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Law Offices of Seymour Wasserstrum
205 W Landis Ave
Vineland, NJ 08360

1040 Kings Highway North
Suite 404
Cherry Hill, NJ 08034

Phone: 856-696-8300
Toll Free: 1-888-845-4533
Fax: 856-696-3586

Free consultations • Credit cards accepted • Evening and Weekend appointments available • Open 8 am to 8 pm

Home Equity Exemption

There is a limitation on the amount of equity an individual can have in his/her home and still be able to totally wipe out his/her unsecured bills. Presently the bankruptcy law permits one person to have equity in his/her home in the amount of $20,200. If two people jointly own their home, the law permits net equity of $40,400 in that home.

What this means in simple terms is that if a married couple (or 2 other joint owners) wants to wipe out their credit card bills, in order to completely wipe them out, the net equity in their home cannot exceed $40,400. There is also something called a wild card exemption which in certain cases will permit an additional sum of approximately $2,100 to be added to the $40,400. The exact amount of the $2,100 wild card that can be applied to the house depends on other facts of the case.

Here is an illustration of what this all means. Let's assume that we have a married couple with $50,000.00 in credit card debt that they are trying to wipe out. Let's further assume that this married couple owns a house worth $100,000.00 and the mortgage payoff is $70,000.00.

Here is an example of how equity is determined. First of all, a 10% deduction is taken from the value of the house as theoretical costs of sale, on the assumption that if the house was sold, it would cost 10% to pay real estate commissions and other costs associated with the sale of the house. This brings the number down to $90,000.00. If the mortgage payoff is $70,000.00 we subtract $70,000.00 from $90,000.00 and we have a net equity in the home of $20,000.00. This amount of $20,000.00 is well below the $40,400.00 permitted and this couple can wipe out their unsecured debts (provided they meet the other qualifications for bankruptcy).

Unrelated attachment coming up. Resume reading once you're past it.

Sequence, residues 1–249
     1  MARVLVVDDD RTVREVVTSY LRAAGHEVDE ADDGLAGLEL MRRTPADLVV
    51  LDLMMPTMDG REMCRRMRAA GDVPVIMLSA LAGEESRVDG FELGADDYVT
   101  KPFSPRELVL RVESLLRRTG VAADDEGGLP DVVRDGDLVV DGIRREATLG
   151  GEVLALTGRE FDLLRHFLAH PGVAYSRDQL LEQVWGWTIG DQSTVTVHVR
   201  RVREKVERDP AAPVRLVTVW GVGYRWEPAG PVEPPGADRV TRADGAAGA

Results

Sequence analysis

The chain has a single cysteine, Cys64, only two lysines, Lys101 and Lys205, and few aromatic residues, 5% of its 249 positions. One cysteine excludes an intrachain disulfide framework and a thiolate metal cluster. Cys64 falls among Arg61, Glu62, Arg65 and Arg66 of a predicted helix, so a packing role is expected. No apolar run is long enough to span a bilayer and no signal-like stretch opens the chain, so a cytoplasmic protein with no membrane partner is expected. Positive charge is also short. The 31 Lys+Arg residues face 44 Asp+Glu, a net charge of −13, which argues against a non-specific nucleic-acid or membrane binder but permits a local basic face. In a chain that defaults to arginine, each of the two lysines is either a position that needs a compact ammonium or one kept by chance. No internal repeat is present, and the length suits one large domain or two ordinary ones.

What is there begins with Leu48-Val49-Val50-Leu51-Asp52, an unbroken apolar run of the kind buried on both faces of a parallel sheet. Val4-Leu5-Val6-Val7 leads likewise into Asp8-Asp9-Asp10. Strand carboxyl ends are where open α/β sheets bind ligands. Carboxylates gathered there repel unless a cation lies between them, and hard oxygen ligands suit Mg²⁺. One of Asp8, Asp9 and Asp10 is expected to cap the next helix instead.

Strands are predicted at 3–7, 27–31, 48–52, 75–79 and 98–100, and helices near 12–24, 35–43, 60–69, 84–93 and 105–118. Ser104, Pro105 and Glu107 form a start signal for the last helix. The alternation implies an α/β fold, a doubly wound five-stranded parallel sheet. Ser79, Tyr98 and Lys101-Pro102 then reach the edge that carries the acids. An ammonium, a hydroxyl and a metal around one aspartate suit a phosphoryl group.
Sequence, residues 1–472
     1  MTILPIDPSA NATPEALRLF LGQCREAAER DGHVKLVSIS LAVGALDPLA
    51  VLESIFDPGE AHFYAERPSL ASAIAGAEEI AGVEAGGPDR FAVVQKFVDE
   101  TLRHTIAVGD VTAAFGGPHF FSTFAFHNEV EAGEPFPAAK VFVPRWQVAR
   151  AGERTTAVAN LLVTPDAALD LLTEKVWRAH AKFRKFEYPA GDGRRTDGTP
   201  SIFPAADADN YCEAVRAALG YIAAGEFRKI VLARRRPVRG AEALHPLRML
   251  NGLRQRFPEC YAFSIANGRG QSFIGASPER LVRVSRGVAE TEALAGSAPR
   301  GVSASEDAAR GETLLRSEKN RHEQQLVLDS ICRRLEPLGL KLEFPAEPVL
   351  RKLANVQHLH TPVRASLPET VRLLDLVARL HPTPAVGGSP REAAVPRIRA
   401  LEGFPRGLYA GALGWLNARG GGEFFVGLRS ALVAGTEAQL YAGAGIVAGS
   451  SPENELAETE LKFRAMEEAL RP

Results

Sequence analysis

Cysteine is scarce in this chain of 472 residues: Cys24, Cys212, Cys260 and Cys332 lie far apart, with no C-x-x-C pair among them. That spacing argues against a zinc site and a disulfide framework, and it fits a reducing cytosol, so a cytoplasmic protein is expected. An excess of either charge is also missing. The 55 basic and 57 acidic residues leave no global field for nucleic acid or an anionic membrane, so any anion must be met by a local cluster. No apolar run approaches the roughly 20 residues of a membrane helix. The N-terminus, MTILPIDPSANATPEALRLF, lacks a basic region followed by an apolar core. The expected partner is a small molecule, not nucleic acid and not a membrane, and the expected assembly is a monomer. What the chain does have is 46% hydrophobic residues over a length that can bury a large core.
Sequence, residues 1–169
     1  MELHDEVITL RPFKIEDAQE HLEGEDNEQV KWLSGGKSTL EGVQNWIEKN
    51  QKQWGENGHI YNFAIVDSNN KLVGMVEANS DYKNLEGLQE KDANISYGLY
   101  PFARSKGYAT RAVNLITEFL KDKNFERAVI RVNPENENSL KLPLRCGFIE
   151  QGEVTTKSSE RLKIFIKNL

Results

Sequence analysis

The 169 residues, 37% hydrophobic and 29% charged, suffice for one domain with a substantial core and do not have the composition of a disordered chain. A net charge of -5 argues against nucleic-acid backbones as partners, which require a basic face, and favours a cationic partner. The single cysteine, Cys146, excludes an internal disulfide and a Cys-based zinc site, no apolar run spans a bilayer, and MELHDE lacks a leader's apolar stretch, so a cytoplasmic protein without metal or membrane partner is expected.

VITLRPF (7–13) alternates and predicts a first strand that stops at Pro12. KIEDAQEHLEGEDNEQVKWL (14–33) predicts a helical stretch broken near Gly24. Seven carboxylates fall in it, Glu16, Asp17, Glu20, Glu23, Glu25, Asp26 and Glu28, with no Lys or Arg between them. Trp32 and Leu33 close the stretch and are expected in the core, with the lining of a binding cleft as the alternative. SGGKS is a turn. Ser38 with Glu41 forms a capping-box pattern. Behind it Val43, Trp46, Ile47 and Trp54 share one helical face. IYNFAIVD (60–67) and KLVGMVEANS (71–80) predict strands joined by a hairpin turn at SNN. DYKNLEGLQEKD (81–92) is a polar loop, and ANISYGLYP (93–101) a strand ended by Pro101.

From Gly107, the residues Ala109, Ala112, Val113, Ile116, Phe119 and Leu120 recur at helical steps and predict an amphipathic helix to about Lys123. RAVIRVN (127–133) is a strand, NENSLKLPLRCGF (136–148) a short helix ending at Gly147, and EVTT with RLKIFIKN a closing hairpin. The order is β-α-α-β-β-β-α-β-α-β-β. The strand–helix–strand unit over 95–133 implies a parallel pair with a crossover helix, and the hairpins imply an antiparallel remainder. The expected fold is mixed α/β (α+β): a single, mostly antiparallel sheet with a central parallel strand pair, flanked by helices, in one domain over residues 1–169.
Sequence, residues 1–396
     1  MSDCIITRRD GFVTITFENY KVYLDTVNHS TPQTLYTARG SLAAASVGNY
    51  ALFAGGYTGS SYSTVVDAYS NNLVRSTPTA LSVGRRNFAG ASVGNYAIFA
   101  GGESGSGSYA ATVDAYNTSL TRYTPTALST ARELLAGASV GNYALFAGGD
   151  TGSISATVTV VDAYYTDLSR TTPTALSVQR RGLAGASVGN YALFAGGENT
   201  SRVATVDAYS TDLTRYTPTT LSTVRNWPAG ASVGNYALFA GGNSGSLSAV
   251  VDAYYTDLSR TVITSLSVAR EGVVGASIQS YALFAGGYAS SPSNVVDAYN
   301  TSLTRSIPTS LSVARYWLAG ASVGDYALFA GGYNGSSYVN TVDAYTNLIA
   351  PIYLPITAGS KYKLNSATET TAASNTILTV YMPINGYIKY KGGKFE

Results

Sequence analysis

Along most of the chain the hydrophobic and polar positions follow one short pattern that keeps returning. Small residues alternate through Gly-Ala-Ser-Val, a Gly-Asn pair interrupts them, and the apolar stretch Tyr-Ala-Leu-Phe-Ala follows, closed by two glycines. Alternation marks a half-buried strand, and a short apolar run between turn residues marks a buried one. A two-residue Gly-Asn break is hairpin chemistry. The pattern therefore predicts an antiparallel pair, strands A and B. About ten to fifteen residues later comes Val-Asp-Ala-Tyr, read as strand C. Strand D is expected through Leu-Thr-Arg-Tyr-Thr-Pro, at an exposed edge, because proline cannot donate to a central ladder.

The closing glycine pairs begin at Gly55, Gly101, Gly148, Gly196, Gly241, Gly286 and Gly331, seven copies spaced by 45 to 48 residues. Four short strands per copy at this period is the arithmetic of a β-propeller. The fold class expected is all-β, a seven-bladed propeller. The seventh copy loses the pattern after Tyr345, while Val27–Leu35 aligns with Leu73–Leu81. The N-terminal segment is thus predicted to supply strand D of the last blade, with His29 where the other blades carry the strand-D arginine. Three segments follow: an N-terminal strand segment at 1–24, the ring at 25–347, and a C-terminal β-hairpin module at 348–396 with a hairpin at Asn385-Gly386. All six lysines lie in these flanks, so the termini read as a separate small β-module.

Now let's take another example. The same couple in the same house worth $100,000.00, the same unsecured bills of $50,000.00, however, the mortgage payoff is $40,000.00.

Here is what happens in this example. First we take 10% costs of sale which brings us down to $90,000.00. Then we deduct the mortgage payoff of $40,000.00 which now brings us to $50,000.00 net equity in the home. The net equity in the home of $50,000.00 is greater then $40,400.00 by $9,600.00. This means that the couple exceeds the legal exemption by $9,600.00.

What does this all mean? It means that this couple would be required to make a payment of $9,600.00 towards their credit card bills. In other words, instead of wiping them out completely and paying zero and wiping out $50,000.00 in bills, they now have to pay $9,600.00 to wipe out $50,000.00 worth of bills. They are therefore paying something like $.20 on a dollar.

If this particular situation were to apply, the couple would not have to pay $9,600.00 all at once. Instead, the case can be switched over or converted to a Chapter 13, and the couple can pay the $9,600.00 over a period of five years. In a Chapter 13 the trustee get a 10% commission, so in effect the couple would be paying about $10,560.00 to wipe out $50,000.00 worth of bills.

If the house in the above examples was owned by just one owner, then the exemption permitted would be $20,200 (1/2 of the $40,400.) As an example, if one owner had a house worth $100,000 and a mortgage payoff of $50,000, you get a 10% deduction, which brings you down to $90,000. You deduct $20,200, which bring you down to $69,800. The mortgage payoff is $41,000. This person is therefore $28, 800 over the legal limit, and he/she would have to pay that amount towards unsecured bills because of the large amount of equity in the home

Therefore, the net equity in your home is very important. This number helps to determine whether or not all the unsecured bills can be legally wiped out in your case. That is why we always need to document the value of your home and the amount of your mortgage payoffs.

NOTICE TO CLIENTS - YOUR RESPONSIBILITY FOR FUTURE PAYMENTS TO THE TRUSTEE AND OTHER CREDITORS.

WHAT YOU CAN DO IF FOR SOME REASON YOU CANNOT MAKE A REGULAR MONTHLY PAYMENT TO THE TRUSTEE OR ANOTHER CREDITOR IN THE FUTURE